Straddling the Yellow River that was the birthplace of Chinese civilization, Henan is an old province, within it are two of the ancient capitals of China: Luoyang and Kaifeng. Mountains to the west and center separate the Yellow River from the southeastern area (the Nanyang plain) which is drained by the Huai River. Floods from both the Yellow and Huai Rivers have punctuated Henan’s long history. Indeed, Henan had cities right back in the Shang dynasty (1600 – 1046 BCE) with its capital at Anyang just west of Zhengzhou. The meandering Yellow River in ancient times followed a course further north near to Anyang. Remains from one of the earliest Chinese civilizations – the ancient Yangshao Culture can be seen at a museum near Mianchi. It boasts the Longmen Grottoes, full of Buddhist sculptures and the Shaolin monastery well known to followers of kung fu and Tai Chi.
Popular Cities: Zhengzhou, Luoyang, Kaifeng, Pingdingshan, Xinxiang, Anyang, Nanyang
Average temperature: -3ºC to 3ºC (26.6ºF to 37.4ºF) in January, 24ºC to 29ºC (75.2ºF to 84.2ºF) in July.
Places to visit
1. Luoyang just south of the river was the capital of China for ten dynasties before it was sacked by Jurchen invaders in the 10th century. The philosopher Laozi is one of the many great figures associated with the city. It is sometimes known as the ‘eastern Imperial city’ but has few remaining ancient buildings after centuries of plunder. The City museum has many fine exhibits of Luoyang’s days of pre-eminence. There is an annual Peony Festival which was brought into being by famous Tang Empress Wu Zetian. Baimasi (White Horse Temple) at Luoyang claims to be the oldest Buddhist monastery in China dating back to 68CE. The name refers to the legend that it was founded by two monks who arrived on a white horse.
2. The Longmen Caves, 7 miles [12 kms] south-west of Luoyang in Henan has a fine set of Buddhist carved figures dating back to Wei and Tang dynasties (500-900CE). There are over 1,300 grottoes with nearly 100,000 Buddhist statues of all sizes. Tang Empress Wu Zetian built the famous seated Buddha 56 feet [17 meters]. Longmen Caves provides evidence of China’s long excellence in porcelain manufacture at the Jun Royal Kiln, Xuchang; dating back to Song dynasty times.
3. Kaifeng became capital city after the abandonment of Luoyang and was at its zenith up until the invasion of the Mongols in the Song dynasty when it was pillaged. The Prime Minister’s Temple (Da Xiangguo Si) has been rebuilt on the site of the main Buddhist temple in the Song capital city. It is most famous for a large statue of the Buddhist Goddess Guanyin. Longting Park has been built in the Song style for the benefit of tourists. Near Kaifeng is the Baogong Temple in memory of Bao Zheng renowned for his fair administration of justice. Guanlin Temple commemorates Guan Yu of the Three Kingdoms period who has been worshiped as a ‘god of War’. The Dragon Pavilion at Kaifeng is another ancient temple.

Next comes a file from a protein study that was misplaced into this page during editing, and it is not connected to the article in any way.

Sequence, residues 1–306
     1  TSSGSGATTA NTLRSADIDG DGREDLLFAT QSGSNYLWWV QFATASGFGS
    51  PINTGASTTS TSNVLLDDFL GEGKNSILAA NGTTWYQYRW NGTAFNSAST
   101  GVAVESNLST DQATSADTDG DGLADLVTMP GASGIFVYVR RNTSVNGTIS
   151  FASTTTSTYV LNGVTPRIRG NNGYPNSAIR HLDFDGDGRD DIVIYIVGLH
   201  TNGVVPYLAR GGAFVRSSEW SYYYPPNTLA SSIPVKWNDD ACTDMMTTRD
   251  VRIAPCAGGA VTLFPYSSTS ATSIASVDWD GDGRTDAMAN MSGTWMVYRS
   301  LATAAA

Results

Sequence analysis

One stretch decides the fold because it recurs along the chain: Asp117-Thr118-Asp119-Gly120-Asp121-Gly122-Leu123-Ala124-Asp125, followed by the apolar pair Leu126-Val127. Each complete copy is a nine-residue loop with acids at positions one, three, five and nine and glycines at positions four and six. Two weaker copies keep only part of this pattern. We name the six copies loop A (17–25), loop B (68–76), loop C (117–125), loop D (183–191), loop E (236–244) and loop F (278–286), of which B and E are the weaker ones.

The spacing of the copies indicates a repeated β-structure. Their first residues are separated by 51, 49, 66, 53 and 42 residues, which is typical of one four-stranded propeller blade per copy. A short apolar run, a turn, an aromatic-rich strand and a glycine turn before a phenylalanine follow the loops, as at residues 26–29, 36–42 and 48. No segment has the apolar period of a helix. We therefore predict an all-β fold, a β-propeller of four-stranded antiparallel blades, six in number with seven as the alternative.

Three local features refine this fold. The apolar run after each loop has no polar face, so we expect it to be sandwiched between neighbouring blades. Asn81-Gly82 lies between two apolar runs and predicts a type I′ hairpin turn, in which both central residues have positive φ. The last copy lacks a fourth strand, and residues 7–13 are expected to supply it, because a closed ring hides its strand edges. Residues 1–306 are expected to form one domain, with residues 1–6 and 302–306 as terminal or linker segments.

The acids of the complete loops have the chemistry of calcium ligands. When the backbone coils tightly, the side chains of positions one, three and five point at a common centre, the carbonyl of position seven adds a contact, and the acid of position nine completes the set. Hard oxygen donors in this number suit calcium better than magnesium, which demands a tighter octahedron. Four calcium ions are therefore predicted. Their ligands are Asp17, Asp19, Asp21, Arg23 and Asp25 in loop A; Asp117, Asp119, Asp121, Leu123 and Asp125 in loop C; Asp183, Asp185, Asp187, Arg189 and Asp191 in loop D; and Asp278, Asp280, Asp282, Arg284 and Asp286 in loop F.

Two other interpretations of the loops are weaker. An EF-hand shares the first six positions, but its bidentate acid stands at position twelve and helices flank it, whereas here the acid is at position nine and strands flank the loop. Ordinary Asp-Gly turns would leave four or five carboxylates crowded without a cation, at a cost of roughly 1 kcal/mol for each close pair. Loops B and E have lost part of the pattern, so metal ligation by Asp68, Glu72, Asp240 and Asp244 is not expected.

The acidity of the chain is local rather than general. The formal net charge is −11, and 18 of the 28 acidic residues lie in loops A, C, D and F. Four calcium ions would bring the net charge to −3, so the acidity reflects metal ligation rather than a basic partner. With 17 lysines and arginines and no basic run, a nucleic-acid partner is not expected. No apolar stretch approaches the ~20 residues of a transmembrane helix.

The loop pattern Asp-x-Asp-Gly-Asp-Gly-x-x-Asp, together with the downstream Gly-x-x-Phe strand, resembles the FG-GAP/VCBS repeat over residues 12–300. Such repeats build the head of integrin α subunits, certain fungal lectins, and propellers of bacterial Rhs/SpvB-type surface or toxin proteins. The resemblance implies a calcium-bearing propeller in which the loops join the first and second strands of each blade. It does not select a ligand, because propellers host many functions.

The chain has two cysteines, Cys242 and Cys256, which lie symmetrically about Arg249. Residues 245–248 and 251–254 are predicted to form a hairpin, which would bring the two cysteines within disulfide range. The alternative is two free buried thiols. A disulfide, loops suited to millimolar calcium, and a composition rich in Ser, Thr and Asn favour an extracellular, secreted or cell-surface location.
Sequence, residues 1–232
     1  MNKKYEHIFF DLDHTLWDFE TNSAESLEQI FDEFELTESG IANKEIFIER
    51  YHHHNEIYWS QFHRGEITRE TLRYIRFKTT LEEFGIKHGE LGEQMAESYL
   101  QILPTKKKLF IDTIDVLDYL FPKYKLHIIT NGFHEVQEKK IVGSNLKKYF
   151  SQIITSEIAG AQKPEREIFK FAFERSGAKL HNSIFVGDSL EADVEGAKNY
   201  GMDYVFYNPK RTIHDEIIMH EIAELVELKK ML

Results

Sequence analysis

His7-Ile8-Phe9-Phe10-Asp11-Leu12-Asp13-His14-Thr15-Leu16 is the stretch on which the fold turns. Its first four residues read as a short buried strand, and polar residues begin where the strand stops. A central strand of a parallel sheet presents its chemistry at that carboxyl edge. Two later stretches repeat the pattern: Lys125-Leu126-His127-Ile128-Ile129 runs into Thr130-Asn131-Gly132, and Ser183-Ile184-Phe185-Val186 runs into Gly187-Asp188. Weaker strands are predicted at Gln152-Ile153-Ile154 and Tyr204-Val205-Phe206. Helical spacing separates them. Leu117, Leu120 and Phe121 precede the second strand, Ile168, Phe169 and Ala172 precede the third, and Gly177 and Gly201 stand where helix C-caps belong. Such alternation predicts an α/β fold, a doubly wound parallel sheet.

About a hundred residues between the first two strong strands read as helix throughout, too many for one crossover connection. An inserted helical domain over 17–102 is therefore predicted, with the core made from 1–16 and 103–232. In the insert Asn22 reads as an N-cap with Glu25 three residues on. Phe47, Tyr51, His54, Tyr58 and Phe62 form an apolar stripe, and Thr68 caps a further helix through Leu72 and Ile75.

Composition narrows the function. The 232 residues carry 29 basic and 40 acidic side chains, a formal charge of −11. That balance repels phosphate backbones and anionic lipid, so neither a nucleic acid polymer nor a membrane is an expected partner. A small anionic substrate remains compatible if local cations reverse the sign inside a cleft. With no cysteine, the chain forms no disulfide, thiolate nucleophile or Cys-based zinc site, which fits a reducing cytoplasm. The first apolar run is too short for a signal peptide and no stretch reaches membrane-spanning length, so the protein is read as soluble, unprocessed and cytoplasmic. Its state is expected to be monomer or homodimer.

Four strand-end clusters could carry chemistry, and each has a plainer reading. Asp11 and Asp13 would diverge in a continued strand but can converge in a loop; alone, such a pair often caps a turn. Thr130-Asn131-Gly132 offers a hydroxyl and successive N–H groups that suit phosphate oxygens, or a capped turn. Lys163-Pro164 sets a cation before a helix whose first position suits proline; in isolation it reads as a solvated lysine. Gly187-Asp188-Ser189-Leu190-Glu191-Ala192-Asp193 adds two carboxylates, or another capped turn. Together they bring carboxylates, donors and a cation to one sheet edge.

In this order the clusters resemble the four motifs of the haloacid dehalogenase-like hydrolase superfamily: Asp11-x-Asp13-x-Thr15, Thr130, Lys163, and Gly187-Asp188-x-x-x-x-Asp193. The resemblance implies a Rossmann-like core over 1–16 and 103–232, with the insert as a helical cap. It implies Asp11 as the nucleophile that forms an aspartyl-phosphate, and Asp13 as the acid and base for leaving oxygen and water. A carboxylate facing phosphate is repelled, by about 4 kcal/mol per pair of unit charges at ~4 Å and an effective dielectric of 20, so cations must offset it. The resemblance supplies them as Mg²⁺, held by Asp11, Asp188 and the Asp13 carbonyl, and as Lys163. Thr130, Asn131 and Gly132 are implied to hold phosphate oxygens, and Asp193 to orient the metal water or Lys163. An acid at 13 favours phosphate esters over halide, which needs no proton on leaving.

4. The sacred mountain of Songshan is a famous scenic site south east of Luoyang. At 4,902 feet [1,494 meters] it is an impressive peak with scary paths leading to the summit. The Temple of Songshan is the oldest stone pagoda in China as it dates back to Northern Wei times (523CE). The Daoist ‘Temple of the Central Mountain’ is older but has been rebuilt over the centuries since its foundation in Han times. On the foothills of Mount Song is the Gaocheng Observatory, a World Heritage site. A gnomon was erected in the Tang dynasty here to help measure the circumference of the Earth. The measurements were not surpassed in Europe for hundreds of years.
5. Close to Mount Song is the world famous Shaolin Monastery (literally ‘Small Forest Temple’) immortalized by the ‘Kung Fu’ series of the 1970s. The temple is of Zen Buddhism and dates back to the Wei dynasty when Indian Da Mo founded the monastery and instigated the Wushu martial art. There is also the Pagoda Forest (Talin) of 200 tombs dating back as far as the Tang dynasty.
6. Anyang is the most ancient of the cities, and it is built on the remains of the Shang dynasty capital of Yin. There is a museum housing many remains from this period including the oracle bones inscribed with early Chinese characters.